Spirituality & Health Magazine

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Spring forest of beech trees
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Healing with Trees: Cultivating Patience and Presence

Sponsored Content from The Celebrant Foundation & Institute

The healing journey often takes significantly longer than we would have hoped. This can bring up feelings of discouragement and impatience. Behaving with impatience can take us out of the moment, which will create a greater separation from ourselves and interrupt the flow of the natural growth process. Being out of sync can increase feelings of frustration and impatience, and lead to self-critical thoughts. In this article I’m going to offer a practice to help with these feelings.

I find inspiration in these wise words by spiritual teacher and author Mark Nepo: “For the flower, it is fully open at each stage of its blossoming. We do ourselves a great disservice by judging where we are in comparison to some final destination. This is one of the pains of aspiring to become something: the stage of development we are in is always seen against the imagined landscape of what we are striving for. So where we are - though closer all the time - is never quite enough.”

Observe how a seed grows into a flower, it undergoes many transformations and each stage leads to the next. At times it seems the plant has stopped growing, but really it’s resting and gathering energy for the next phase. Some phases require more energy than others and the plant rests longer in preparation. It is the song of creation, just like in a musical composition the rests are equally as important as the notes, and without both the song could not exist. There is beauty in every nuance of the plant’s gradually changing form, and we are the same.

In the great garden of life, we each grow at our own pace. Paying attention to the state you are in presently is nourishing. It can tap into a deeper vitality which can provide long-lasting stability and support. This can ease frustration and impatience, which often comes from feeling lack. Filling that space with curiosity, wonder and appreciation can bring contentment. Out of that can emerge a knowing that yes, this right now is enough.

The plant kingdom has been living and evolving longer than humans. Plants possess ancient wisdom and are powerful allies for the journey. They can help us to align with the rhythm of the days, the seasons, and innate timing of our healing. Communing with plants can shift us from negative emotional states to a grounded and calm presence, a sense of wholeness.

A practice that has been very beneficial for myself and my students, is to spend time in meditation with a tree. This is an easily accessible practice if you are a beginner to meditation, and an enriching one if you are a more seasoned meditator.

Tree Meditation Ritual

Apply bug/tick repellant to yourself if needed. Bring a bottle of water with you. Find a tree to hang out with, perhaps in a local park, nature sanctuary or in your own backyard.

This meditation can be done seated or standing. First, greet the tree silently or aloud, say you’d like to spend some time with it.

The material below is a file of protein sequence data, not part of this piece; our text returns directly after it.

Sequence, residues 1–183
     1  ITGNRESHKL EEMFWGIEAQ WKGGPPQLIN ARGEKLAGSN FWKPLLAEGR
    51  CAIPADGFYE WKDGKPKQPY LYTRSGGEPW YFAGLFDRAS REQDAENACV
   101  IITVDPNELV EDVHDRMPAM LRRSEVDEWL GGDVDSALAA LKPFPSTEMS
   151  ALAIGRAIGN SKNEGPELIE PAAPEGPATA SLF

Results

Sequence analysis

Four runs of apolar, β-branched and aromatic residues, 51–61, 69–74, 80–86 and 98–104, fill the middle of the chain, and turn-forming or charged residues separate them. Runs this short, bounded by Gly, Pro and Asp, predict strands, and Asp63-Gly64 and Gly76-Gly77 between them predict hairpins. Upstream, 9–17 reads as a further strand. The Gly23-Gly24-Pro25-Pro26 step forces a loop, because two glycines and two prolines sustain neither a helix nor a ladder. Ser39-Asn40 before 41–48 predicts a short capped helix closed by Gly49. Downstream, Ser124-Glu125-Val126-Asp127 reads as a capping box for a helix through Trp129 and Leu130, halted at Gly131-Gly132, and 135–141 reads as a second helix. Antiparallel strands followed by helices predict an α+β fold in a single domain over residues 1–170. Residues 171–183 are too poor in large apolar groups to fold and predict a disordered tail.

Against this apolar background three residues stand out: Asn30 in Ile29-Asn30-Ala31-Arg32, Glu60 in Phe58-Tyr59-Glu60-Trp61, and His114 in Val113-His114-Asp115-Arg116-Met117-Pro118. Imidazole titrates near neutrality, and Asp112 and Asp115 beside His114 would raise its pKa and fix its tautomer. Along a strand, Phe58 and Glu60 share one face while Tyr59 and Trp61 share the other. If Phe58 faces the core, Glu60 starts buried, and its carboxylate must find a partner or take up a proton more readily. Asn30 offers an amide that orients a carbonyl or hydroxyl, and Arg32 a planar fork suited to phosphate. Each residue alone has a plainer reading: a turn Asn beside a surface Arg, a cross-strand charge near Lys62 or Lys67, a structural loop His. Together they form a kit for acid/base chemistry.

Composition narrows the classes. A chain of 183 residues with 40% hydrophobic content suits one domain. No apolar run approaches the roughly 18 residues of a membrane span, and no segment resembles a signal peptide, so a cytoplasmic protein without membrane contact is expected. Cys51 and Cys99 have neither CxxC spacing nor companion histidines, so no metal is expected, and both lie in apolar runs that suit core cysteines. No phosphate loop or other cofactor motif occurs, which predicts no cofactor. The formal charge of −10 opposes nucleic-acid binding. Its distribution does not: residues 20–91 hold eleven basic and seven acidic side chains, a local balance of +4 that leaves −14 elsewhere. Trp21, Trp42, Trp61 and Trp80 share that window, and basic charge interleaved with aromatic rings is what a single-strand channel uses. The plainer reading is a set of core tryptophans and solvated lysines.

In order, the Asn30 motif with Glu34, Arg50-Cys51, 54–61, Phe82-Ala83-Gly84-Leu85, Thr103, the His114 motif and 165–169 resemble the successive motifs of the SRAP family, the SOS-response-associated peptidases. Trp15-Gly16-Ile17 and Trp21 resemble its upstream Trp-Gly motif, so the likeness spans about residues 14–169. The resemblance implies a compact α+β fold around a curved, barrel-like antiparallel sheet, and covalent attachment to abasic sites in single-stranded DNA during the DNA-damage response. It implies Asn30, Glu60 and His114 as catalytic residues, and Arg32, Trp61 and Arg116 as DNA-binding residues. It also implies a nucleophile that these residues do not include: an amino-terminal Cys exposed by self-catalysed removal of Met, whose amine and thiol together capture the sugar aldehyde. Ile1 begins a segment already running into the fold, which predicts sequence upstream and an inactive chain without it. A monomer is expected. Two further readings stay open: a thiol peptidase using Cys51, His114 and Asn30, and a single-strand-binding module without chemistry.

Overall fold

To sit, arrange yourself comfortably at the base of the tree and lean your back against it. To stand, either place your back against the tree, or face the tree and wrap your arms around its trunk. Feel its strong body and roots supporting you. Pay attention to your breath, let each exhale be longer than your inhale. Allow yourself to rest and simply experience being with the tree.

As you breathe, any tension in your body dissipates. Notice any new sensations or feelings in your body, perhaps you feel more calm or a sense of vitality rising like sap. You may notice an exchange of energy between you and the tree. Allow your attention to flow back and forth, between your experience in your body and your experience of the tree. Spend as much time with the tree as you like.

When you are ready to end the meditation, bring your attention to your feet for a few moments, then gently open your eyes. Thank the tree for this experience of connection. Take a drink of water and pour some out at the base of the tree, as an offering of nourishment and gratitude.

How do you feel now, after the meditation? Enjoy your deeply rooted presence as you go about your day.

Elizabeth Phaire is a New York based Master Life-Cycle Celebrant® and Interfaith Minister.  In practice for 10 years, she officiates personalized ceremonies for Weddings, Baby Blessings, Celebrations of Life and other rites of passage.  She is a repeat recipient of Wedding Wire’s “Couple’s Choice awards” and The Knot “Best of Weddings”.  A faculty member of the Celebrant Foundation and Institute, she holds five certifications from the school. Her background and holistic lifestyle includes meditation, energy healing practices, folk herbalism, writing, music, and performance poetry. She draws from these sources to help individuals, families and communities to honor their transitions with authenticity and creativity. 

About the Celebrant Foundation & Institute

The Celebrant Foundation & Institute (CF&I) is the nation’s preeminent online educational institute that teaches and certifies people as modern day ritual and ceremony professionals called Life-Cycle Celebrants®. Founded in 2001, the educational nonprofit organization headquartered in Montclair, NJ, is a member of the International Federation of Celebrants.  To date, the CF&I has graduated nearly 900 Life-Cycle Celebrants® who preside over 20,000 ceremonies each year throughout North America, Asia and Europe. To learn more about the CF&I, visit www.celebrantinstitute.org

Watch January 2017's Weddings with Zita (Zita Christian) with featured guest Elisa Chase, CF&I Academic Manager, discussing Ceremony, Rituals and the Celebrant Foundation & Institute.  

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